Date: 17 December 2004
References: ESB-2004.0785 ESB-2005.0262 ESB-2005.0559 AL-2006.0008
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AUSCERT External Security Bulletin Redistribution
ESB-2004.0782 -- iDEFENSE Security Advisory 12.16.04
Samba smbd Security Descriptor Integer Overflow Vulnerability
17 December 2004
AusCERT Security Bulletin Summary
Product: Samba smbd 3.0.8 and prior
Operating System: Linux variants
Impact: Root Compromise
Execute Arbitrary Code/Commands
Access: Existing Account
CVE Names: CAN-2004-1154
Original Bulletin: http://www.idefense.com/application/poi/display?id=165
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Samba smbd Security Descriptor Integer Overflow Vulnerability
iDEFENSE Security Advisory 12.16.04
December 16, 2004
Samba is an open source implementation of the SMB/CIFS protocol which
allows Windows clients to use resources on non-Windows systems. More
information is available at http://www.samba.org/
Remote exploitation of an integer overflow vulnerability in all
versions of Samba's smbd prior to and including 3.0.8 could allow an
attacker to cause controllable heap corruption, leading to execution
of arbitrary commands with root privileges.
To open a file on a Samba server, a client sends a sequence of SMB
messages to the smbd process. The message with the information on the
file to open also contains a security descriptor, which is a list of
access controls to apply to the file. The vulnerability specifically
occurs in the allocation of memory to store these descriptors.
* Even if the num_aces is zero, allocate memory as there's a
* between a non-present DACL (allow all access) and a DACL with no
* (allow no access).
if((psa->ace = (SEC_ACE *)prs_alloc_mem(ps,sizeof(psa->ace) *
(psa->num_aces+1))) == NULL)
When more than 38347922 descriptors are requested, an integer
overflow occurs resulting in less memory being allocated than was
requested. sizeof(psa->ace) is 112, or 0x70 in hex.
0x70x(38347922 + 1)=4294967376, or 0x100000050. This number is larger
than can be stored in a 32-bit integer, so the bits that don't fit
are removed, leaving 0x50, or 80 in decimal. As one descriptor is 112
bytes, an overflow of at least 32 bytes will occur.
An attacker could supply data to the server which would cause the
heap to become corrupted in such a way as to cause arbitrary values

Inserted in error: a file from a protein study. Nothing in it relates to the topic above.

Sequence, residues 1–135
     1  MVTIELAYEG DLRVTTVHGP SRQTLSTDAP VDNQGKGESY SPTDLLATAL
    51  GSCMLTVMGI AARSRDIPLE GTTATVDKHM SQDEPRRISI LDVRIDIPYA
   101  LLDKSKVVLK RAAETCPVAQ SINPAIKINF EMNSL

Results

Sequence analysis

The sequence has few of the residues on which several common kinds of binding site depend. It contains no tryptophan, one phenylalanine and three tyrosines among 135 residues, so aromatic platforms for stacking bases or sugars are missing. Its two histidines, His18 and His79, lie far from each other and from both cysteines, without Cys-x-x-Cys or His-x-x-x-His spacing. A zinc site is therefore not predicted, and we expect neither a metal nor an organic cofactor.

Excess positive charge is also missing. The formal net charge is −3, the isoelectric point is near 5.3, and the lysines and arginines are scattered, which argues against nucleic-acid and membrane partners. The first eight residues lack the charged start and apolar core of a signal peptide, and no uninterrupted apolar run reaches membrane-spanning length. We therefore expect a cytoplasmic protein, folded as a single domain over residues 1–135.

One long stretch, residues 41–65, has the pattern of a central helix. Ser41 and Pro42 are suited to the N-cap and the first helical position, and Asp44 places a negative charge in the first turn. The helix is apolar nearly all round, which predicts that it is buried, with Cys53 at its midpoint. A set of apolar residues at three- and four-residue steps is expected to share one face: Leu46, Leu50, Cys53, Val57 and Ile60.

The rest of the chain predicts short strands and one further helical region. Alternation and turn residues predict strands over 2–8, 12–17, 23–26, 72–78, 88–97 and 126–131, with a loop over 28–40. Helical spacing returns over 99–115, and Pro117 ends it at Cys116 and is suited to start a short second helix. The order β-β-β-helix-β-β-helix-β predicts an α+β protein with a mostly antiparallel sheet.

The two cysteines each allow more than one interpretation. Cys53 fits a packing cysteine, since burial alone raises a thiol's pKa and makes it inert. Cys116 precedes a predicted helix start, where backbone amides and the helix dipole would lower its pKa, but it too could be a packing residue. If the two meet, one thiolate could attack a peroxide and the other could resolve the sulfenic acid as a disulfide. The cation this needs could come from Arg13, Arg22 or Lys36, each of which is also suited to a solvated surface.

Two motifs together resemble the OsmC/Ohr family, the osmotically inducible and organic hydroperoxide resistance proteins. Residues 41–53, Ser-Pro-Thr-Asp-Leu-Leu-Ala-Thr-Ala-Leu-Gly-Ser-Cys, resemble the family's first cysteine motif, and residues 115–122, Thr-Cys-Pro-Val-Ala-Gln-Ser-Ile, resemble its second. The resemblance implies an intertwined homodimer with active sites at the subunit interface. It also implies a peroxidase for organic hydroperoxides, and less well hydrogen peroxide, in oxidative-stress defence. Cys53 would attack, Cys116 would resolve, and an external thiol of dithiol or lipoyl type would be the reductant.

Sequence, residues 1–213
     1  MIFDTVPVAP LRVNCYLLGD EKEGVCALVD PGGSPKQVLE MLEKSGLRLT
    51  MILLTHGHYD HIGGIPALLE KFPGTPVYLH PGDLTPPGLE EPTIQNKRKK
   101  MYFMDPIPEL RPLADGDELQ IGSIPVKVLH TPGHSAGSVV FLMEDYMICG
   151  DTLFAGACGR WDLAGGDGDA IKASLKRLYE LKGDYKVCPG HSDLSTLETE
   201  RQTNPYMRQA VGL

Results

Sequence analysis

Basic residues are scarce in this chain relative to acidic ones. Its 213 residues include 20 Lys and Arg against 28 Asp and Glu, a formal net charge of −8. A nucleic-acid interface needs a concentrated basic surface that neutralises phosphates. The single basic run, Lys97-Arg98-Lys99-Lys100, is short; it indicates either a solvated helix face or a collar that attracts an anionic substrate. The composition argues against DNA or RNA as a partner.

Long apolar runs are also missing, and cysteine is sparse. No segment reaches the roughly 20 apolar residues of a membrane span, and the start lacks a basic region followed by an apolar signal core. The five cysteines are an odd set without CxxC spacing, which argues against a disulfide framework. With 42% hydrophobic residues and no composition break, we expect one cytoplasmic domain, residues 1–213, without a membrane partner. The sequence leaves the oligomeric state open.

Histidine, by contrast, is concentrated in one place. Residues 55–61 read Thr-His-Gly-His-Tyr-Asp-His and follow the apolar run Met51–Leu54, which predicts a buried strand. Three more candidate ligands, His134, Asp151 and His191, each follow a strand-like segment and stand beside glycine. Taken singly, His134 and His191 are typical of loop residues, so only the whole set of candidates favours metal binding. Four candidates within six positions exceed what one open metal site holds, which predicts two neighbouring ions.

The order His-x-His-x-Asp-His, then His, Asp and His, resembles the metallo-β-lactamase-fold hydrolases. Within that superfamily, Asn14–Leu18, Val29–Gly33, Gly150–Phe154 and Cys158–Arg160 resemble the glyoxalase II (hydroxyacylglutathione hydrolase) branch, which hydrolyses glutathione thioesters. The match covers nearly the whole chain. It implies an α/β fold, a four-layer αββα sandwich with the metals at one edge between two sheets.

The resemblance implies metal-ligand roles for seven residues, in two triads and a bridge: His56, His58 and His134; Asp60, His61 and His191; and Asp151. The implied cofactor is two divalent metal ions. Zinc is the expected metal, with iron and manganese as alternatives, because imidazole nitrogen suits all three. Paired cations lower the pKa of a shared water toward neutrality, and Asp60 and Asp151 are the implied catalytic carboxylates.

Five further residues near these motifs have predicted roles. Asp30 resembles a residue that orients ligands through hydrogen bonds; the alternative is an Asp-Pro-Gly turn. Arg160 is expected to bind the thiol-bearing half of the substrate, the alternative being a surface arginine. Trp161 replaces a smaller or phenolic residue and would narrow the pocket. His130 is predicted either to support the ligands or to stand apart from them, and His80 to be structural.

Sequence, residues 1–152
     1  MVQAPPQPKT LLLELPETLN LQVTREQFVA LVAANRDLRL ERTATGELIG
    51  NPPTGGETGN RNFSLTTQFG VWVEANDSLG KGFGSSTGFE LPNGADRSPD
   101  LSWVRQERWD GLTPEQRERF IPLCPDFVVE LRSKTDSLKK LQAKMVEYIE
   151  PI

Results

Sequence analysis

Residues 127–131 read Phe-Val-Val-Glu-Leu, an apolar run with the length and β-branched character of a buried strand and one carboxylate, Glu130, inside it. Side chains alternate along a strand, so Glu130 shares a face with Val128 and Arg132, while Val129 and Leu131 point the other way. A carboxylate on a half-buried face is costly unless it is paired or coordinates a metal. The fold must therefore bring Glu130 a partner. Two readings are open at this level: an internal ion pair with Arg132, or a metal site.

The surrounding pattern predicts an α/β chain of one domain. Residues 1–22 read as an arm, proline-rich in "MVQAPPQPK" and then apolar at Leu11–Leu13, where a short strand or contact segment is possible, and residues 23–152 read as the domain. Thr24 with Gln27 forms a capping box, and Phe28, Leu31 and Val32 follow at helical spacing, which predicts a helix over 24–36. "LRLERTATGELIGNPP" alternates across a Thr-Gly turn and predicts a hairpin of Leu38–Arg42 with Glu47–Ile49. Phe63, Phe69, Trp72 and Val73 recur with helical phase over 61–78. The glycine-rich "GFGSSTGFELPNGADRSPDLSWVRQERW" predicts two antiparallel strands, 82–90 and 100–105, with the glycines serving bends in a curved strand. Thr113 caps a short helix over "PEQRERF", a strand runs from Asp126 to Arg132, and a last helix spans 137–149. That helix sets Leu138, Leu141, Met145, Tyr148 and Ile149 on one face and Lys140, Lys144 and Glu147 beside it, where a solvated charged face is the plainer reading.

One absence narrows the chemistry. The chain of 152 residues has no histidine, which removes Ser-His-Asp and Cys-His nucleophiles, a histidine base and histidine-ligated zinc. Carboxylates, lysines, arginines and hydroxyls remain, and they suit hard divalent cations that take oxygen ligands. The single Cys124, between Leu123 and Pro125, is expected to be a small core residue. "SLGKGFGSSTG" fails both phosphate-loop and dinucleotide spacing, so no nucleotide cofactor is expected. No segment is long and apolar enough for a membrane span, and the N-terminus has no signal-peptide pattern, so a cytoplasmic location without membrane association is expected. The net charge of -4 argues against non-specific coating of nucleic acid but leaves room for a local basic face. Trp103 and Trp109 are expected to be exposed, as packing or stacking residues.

to be written to arbitrary locations, eventually leading to code
Successful remote exploitation allows an attacker to gain root
privileges on a vulnerable system. In order to exploit this
vulnerability an attacker would need to have credentials allowing
them access to the a share. Unsuccessful exploitation attempts will
cause the process serving the request to crash with signal 11, and
may leave evidence of an attack in logs.
iDEFENSE Labs have confirmed that Samba 3.0.8 and 2.2.9 are
vulnerable. Checks made against earlier versions of the source code
suggest that all versions from at least 2.0.0 are also vulnerable to
some minor variation of this vulnerability.
Employ firewalls, access control lists or other TCP/UDP restriction
mechanisms to limit access to systems and services.
VI. VENDOR RESPONSE
Patches for this issue are available at:
VII. CVE INFORMATION
The Common Vulnerabilities and Exposures (CVE) project has assigned the
names CAN-2004-1154 to these issues. This is a candidate for inclusion
in the CVE list (http://cve.mitre.org), which standardizes names for
VIII. DISCLOSURE TIMELINE
12/02/2004 Initial vendor notification
12/02/2004 Initial vendor response
12/16/2004 Coordinated public disclosure
This vulnerability was discovered by Greg MacManus, iDEFENSE Labs.
Get paid for vulnerability research
X. LEGAL NOTICES
Copyright (c) 2004 iDEFENSE, Inc.
Permission is granted for the redistribution of this alert
electronically. It may not be edited in any way without the express
written consent of iDEFENSE. If you wish to reprint the whole or any
part of this alert in any other medium other than electronically,
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Disclaimer: The information in the advisory is believed to be
accurate at the time of publishing based on currently available
information. Use of the information constitutes acceptance for use in
an AS IS condition. There are no warranties with regard to this
information. Neither the author nor the publisher accepts any
liability for any direct, indirect, or consequential loss or damage
arising from use of, or reliance on, this information.
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